The two books ordered for the course do not really represent the work we will be doing, but we will use them a fair bit. They are two recent anthologies of sources in translation, both based on exemplary scholarship. (Their footnotes and bibliographies will prove invaluable.) Unfortunately, both are expensive; I'll make sure that all library copies are on reserve. Most of our work will be with materials made available online and in the library, and with the participants' developing projects.

This course satisfies the Group 2 (Medieval through Sixteenth Century) requirement.


Research Seminar: Black + Queer

English 250

Section: 3
Instructor: Ellis, Nadia
Time: Thursdays 3:30-6:30
Location: 31 Evans


Book List

Baldwin, James: Giovanni's Room; Cliff, Michelle: No Telephone to Heaven; Hemphill, Essex: Ceremonies; Larsen, Nella: Passing; Lorde, Audre: Zami; Nugent, Thurman, et al: Fire!! A Quarterly Devoted to Negro Artists; Salkey, Andrew: Escape to an Autumn Pavement;

Recommended: McKay, Claude: Home to Harlem

Other Readings and Media

Films:  Jackson, Shirley, dir.: Portrait of Jason; Julien, Isaac, dir.: Frantz Fanon, Black Skin White Mask; Julien, Isaac, dir.: Looking for Langston; Frears, Stephen, dir.: My Beautiful Laundrette; Frears, Stephen, dir.: Sammy and Rosie Get Laid

Critical works by, amongst others: M. Jacqui Alexander; Judith Butler; Cathy Cohen; Roderick Ferguson; Frantz Fanon; Jose Munoz; Christina Sharpe; Vincent Woodward.

Description

Co-taught by Professors Nadia Ellis (English) and Darieck Scott (African American Studies); African American Studies 240 section 1 is the course number for the latter component of the course.

This graduate seminar surveys the intersections between black and queer literatures, cultures, and theories. The course serves both as an introduction to black queer studies and as a way to deepen an already established research interest in the field. We will study classics of 20th-century black queer literature and culture—including James Baldwin, Audre Lorde, and Marlon Riggs—as well a wide variety of contemporary criticism and culture that engages and extends this tradition.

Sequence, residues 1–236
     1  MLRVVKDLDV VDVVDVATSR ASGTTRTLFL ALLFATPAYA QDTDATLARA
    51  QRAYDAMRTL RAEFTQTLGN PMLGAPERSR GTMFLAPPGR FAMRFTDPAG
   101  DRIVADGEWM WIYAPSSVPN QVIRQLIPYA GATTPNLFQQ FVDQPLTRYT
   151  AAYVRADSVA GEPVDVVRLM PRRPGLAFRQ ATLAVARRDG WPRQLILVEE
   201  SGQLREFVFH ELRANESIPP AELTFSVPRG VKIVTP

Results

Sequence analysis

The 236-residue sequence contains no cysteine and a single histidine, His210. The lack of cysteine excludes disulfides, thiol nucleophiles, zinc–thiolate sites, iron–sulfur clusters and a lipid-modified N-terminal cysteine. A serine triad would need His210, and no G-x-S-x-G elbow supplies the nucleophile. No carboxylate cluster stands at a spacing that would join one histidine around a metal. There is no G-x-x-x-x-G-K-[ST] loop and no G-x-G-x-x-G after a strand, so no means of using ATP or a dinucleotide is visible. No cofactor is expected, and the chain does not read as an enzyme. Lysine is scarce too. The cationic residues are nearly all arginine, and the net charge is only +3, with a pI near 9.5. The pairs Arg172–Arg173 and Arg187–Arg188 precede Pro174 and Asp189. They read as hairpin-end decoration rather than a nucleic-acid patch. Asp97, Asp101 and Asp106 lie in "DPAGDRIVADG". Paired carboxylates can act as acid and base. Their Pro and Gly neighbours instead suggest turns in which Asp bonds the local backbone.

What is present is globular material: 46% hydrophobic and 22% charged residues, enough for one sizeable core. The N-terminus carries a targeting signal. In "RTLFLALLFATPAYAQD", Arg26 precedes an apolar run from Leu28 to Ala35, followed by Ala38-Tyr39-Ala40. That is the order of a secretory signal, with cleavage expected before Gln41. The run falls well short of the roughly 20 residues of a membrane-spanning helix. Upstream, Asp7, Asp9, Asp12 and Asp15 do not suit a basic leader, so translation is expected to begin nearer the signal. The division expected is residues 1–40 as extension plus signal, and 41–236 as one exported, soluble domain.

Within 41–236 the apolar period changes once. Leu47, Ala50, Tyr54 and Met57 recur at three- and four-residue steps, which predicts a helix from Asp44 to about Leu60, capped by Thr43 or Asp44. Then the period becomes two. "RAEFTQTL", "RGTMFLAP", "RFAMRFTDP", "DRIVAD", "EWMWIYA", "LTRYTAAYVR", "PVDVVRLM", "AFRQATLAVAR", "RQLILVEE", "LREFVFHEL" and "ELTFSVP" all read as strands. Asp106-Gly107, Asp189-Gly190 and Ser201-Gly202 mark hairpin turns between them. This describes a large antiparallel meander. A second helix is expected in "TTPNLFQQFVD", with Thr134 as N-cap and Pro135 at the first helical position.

The seminar is a joint offering of the Departments of English and African American Studies and it works in tandem with The Black Room, a Working Group presented by both Departments and supported by the Institute of International Studies. The Black Room will sponsor the public lectures and seminar visits of critics Daphne Brooks and Tavia Nyong’o.

Students will make presentations, write brief response papers, and produce a significant final research paper.

This course satisfies the Group 5 (Twentieth Century) (English Department) requirement.


Research Seminar: John Donne and T.S. Eliot: Lyric Poetry and Society

English 250

Section: 4
Instructor: Marno, David
Time: Thursdays 3:30-6:30
Location: 108 Wheeler


Book List

See below.

Description

“Permit me to repeat,” Adorno writes in his celebrated essay on lyric poetry’s relationship to its context, “that we are concerned not with the poet as a private person, not with his psychology or his so-called social perspective, but with the poem as a philosophical sundial telling the time of history.” In this course, we read the poetries of John Donne and T. S. Eliot to see how (or indeed whether) they tell the time of history. To raise the stakes of this exercise, we will focus on Donne’s Holy Sonnets and Eliot’s Four Quartets, ie. poems that share an investment in religion but were written under markedly different circumstances. How does a religious poem that is the product of a religious culture differ from a religious poem written in a predominantly secular society? How do poems express, resist, or ignore their immediate contexts? How do they transpose themselves in other, real of fictional contexts? And what critical tools best enable us to articulate and answer such questions? In addition to spending ample time on the poems, we will read Eliot on early modern poetry, modern critics on Donne and Eliot, and representative critical essays on lyric poetry.

(Note: This course description was altered slightly on April 23.)